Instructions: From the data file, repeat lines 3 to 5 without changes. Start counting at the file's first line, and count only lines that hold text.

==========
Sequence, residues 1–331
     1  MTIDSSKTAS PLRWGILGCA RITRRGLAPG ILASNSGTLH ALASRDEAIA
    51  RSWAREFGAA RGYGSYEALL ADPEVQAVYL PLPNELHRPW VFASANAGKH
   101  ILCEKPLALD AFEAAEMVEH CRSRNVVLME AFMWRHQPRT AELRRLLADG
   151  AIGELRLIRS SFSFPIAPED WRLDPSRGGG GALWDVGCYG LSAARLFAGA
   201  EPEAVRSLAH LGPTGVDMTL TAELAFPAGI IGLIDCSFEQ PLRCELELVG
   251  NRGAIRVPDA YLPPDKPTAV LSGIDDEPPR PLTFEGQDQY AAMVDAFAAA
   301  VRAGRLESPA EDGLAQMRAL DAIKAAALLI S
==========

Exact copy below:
    51  RSWAREFGAA RGYGSYEALL ADPEVQAVYL PLPNELHRPW VFASANAGKH
   101  ILCEKPLALD AFEAAEMVEH CRSRNVVLME AFMWRHQPRT AELRRLLADG
   151  AIGELRLIRS SFSFPIAPED WRLDPSRGGG GALWDVGCYG LSAARLFAGA